Chaos fighters get first round wins in Vancouver

A lot can happen in four minutes and two seconds. It took that long for Whitehorse's Chaos Combat Club to get a pair of victories in the gym's first mixed martial arts (MMA) fights. Whitehorse fighters Jesse Fairburn and Owen Holmes both took first-round wins.

A lot can happen in four minutes and two seconds.

It took that long for Whitehorse’s Chaos Combat Club to get a pair of victories in the gym’s first mixed martial arts (MMA) fights.

Whitehorse fighters Jesse Fairburn and Owen Holmes both took first-round wins at Total Mayhem at the Fraserview Centre in Vancouver on Friday.

Both fighters now have 1-0 amateur MMA fight records.

“It’s pretty euphoric,” said Fairburn. “I worked so hard for it; I’m putting in at least 15 hours a week, working out – conditioning, technique drilling and all that fun stuff. Lots of sparring.”

“It definitely feels good,” said Holmes. “We got some offers right away to fight again.

“We’re just going to get back in the gym right away on Monday and continue to work on our skills and see what happens.”

Fairburn worked the crowd of over 800 into a frenzy with his dramatic win.

The 25-year-old beat Surrey, B.C.‘s Tom Proppe (1-2) by technical knockout just 2:37 into Round 1 in the 155-pound weight class.

“A lot of people told me it was the fight of the night because of the slam and the constant pressure I was putting on him,” said Fairburn. “The whole experience was incredible.”

Fairburn took Proppe down and the Surrey fighter maneuvered into a mounted position but didn’t land any substantial blows before Fairburn squirmed out.

“I took him down but I kind of froze up. I was so nervous and stiff for my first competition. He rolled me over and kind of put me in a bad position. He had me mounted but I managed to escape. I got out, I got a really big slam – it was pretty cool.”

Back on their feet, Fairburn landed an uppercut to the chin, picked Proppe up and slammed him to the canvas.

Fairburn got in the full mount and dealt a barrage of punches until the ref stopped the fight.

“There’s a big difference between training and competing and it really takes a lot more focus to get in there and compete – to put the skills together that you’ve developed and make them effective in a situation where you can really get hurt,” said Fairburn. “In the gym they’re not going to try to knock you out, they’re not going to try to put you to sleep.

“In the ring, staring at that guy, you know he’s coming to take your head off and has been training for weeks for this.

“Having my first taste of competition and doing it in a way I did it, without getting hit, getting a big stoppage … I’m definitely hooked. It’s like a drug and I can’t wait to get back in there.”

Holmes had a bit of a surprise when he met his opponent during the weigh-in before the fight. The promoter said his opponent, Tom Austen of Surrey, was six-foot-one. He was actually six-foot-five, about six inches taller than Holmes.

Austen purportedly entered the ring with an 8-0 record in Muay Tai, a standup kickboxing style.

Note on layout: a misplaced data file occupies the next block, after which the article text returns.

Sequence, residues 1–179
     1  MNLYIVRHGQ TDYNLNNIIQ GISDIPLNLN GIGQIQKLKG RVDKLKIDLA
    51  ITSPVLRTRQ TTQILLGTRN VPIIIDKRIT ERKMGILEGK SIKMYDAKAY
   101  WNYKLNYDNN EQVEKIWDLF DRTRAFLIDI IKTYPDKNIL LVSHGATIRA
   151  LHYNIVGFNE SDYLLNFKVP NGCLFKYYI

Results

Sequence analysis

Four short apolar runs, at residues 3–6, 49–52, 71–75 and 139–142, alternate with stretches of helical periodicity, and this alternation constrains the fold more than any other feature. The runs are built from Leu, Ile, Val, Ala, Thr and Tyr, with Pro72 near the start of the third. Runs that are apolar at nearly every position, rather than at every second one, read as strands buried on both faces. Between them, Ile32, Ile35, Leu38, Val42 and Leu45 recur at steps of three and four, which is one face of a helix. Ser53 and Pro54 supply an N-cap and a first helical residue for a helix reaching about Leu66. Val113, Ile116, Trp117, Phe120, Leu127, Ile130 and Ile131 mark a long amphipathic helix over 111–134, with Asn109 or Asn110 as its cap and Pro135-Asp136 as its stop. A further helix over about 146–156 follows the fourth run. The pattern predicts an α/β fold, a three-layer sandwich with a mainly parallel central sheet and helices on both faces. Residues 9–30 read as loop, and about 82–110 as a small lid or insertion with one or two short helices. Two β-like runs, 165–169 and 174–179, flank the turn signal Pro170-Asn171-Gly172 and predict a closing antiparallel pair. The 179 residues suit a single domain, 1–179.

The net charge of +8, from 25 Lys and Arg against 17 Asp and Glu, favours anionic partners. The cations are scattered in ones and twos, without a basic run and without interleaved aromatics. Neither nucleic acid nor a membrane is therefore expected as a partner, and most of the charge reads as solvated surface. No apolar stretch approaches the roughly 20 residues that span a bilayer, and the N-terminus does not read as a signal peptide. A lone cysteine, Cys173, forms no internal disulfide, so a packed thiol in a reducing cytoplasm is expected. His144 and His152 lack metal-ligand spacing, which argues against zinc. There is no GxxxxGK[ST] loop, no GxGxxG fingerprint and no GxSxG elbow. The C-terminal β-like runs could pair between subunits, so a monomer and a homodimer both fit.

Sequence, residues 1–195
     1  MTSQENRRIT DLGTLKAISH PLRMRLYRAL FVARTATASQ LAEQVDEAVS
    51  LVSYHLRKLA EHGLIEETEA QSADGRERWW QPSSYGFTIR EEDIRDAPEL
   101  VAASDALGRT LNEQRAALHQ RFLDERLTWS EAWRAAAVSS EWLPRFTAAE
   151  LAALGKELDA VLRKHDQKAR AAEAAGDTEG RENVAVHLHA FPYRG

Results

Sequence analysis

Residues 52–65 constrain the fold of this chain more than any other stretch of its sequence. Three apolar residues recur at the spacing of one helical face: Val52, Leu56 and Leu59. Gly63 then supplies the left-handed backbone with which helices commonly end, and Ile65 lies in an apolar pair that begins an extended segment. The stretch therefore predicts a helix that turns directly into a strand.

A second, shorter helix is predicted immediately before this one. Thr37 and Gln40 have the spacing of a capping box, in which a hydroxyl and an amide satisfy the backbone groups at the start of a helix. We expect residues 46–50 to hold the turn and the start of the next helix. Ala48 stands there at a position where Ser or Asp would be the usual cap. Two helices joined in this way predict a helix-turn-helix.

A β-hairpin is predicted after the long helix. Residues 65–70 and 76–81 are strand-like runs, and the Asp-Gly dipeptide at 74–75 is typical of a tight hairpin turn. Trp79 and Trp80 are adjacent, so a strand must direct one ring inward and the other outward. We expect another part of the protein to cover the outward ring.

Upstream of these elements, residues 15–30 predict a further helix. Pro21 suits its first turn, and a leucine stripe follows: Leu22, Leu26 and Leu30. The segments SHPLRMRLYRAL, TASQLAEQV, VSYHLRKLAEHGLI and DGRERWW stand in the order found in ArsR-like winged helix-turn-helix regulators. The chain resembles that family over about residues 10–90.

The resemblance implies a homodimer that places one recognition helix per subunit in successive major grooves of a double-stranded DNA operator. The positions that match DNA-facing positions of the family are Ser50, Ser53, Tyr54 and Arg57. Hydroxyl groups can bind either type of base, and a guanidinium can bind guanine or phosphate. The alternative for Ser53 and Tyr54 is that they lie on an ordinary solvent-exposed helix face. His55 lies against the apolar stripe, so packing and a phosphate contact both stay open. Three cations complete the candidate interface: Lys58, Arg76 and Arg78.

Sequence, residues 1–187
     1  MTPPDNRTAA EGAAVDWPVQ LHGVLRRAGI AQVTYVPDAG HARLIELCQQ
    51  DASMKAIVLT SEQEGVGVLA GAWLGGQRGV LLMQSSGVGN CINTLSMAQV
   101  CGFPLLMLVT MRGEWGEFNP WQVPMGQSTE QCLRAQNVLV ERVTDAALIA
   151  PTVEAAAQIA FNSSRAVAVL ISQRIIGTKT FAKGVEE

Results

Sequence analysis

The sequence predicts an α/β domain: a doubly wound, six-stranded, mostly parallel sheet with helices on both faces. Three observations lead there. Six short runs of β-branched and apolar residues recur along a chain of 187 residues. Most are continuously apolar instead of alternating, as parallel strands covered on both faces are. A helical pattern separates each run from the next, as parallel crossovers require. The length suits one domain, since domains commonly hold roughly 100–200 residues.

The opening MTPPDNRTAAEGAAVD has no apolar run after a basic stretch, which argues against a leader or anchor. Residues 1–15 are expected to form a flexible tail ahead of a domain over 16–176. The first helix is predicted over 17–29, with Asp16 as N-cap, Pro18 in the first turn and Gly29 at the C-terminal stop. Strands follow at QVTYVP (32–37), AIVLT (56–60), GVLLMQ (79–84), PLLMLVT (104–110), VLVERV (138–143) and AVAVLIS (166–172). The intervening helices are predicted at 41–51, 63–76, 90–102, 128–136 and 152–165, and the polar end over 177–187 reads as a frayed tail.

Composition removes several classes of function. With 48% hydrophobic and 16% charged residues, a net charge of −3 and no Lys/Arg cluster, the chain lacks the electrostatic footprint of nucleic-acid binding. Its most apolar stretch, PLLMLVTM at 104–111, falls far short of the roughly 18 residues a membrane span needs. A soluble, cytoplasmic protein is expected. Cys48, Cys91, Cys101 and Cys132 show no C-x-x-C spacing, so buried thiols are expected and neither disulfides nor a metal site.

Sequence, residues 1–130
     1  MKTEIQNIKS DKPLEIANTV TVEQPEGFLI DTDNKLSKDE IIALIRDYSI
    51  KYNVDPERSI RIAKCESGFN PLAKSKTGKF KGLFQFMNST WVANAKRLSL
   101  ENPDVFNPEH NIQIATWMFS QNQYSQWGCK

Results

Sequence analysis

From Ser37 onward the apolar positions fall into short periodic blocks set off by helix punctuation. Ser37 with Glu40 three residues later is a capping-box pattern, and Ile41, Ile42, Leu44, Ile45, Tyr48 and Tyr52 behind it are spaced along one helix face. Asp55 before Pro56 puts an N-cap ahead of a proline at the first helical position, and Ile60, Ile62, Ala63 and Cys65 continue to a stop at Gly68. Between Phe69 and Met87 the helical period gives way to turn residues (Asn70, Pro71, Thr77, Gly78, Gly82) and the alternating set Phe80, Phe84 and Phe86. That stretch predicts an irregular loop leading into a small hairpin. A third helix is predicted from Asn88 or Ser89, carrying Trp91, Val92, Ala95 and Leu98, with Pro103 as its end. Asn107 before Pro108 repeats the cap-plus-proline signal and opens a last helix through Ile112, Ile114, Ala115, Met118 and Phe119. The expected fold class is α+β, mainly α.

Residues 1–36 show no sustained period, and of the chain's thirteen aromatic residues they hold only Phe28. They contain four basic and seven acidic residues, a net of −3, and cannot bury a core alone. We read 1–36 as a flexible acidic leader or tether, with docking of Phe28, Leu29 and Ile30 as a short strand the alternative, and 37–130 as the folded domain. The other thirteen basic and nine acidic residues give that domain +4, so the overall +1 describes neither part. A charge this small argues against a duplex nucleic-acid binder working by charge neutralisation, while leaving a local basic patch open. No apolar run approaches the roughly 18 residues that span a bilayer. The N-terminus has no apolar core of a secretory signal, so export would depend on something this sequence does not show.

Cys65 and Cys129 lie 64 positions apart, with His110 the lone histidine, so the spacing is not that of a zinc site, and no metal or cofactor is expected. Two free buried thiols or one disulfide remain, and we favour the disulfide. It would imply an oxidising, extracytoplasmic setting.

“So I knew I wanted to take the fight to the ground,” said Holmes.

That’s exactly what he did.

Holmes, 27, defeated Austen with an arm triangle (a.k.a. side choke) just 1:25 into Round 1 of the 180-pound catch-weight fight.

Holmes took a kick to the face right off the start, but Austen over-committed to his follow-up shots and Homes took him down.

“He got me with a good kick to the face and he stepped in – I think he thought I was hurt – with some pretty big swings, and I shot a double leg, picked him right up and brought him back to our corner,” said Holmes.

“I tried once or twice to get in a position to start punching and I couldn’t. So I switched over to the other side and got the arm-triangle in. As soon as I sunk it in on him, he tapped right away.”

The plan for both fights was to get the opponents on the mat, said Chaos coach and owner Sheldon Casselman.

“We had a game plan going in. We knew both the (other) guys were more stand-up (fighters). Jesse’s guy was more of a brawler, so we wanted to take him to the ground.”

For Holmes’ fight, “our game plan didn’t switch if he was six-one or six-five, we just knew he was a Muay Tai and we wanted to take him to the ground.”

This spring has been good to the Chaos Combat Club, which opened in September 2011 and moved to Porter Creek last year.

At the Tiger Balm Internationals this past March in North Vancouver, eight members of the gym returned with 14 medals, including six gold.

Chaos plans to send fighters to B.C.‘s Five Star Fight League in July.

Casselman, who has a 7-1 amateur record and a 1-0 professional record, hopes to pick up his second pro fight.

“I’m going to wait for their July card and I’m going to get at least five people if not seven (entered),” said Casselman. “It’s going to be a big one.”

Holmes and his wife Charity are expecting their second child in August, “so I want to make that my main focus right now,” said Holmes. “I’m going to stay in the gym and stay fighting shape. I took this fight because I wanted to do one before we had the baby.

“Balancing family life and training takes a lot. Before my fight I was training a minimum of four hours a day.”

“I’m really glad to see the sport taking off with Avalanche (MMA in Riverdale) going out and winning all their fights in their first outing and us winning all our fights in our first outing. I think it really goes to show the Yukon has a really hard work ethic,” added Fairburn. “Between the schools, I think it really shows what Whitehorse is all about.”

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